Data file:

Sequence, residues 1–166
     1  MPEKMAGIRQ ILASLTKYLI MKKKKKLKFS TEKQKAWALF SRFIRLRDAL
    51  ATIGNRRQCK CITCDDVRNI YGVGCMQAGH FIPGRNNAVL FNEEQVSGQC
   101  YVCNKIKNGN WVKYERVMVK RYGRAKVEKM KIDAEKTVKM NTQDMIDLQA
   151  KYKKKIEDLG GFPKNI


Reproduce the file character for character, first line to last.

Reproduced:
Sequence, residues 1–166
     1  MPEKMAGIRQ ILASLTKYLI MKKKKKLKFS TEKQKAWALF SRFIRLRDAL
    51  ATIGNRRQCK CITCDDVRNI YGVGCMQAGH FIPGRNNAVL FNEEQVSGQC
   101  YVCNKIKNGN WVKYERVMVK RYGRAKVEKM KIDAEKTVKM NTQDMIDLQA
   151  KYKKKIEDLG GFPKNI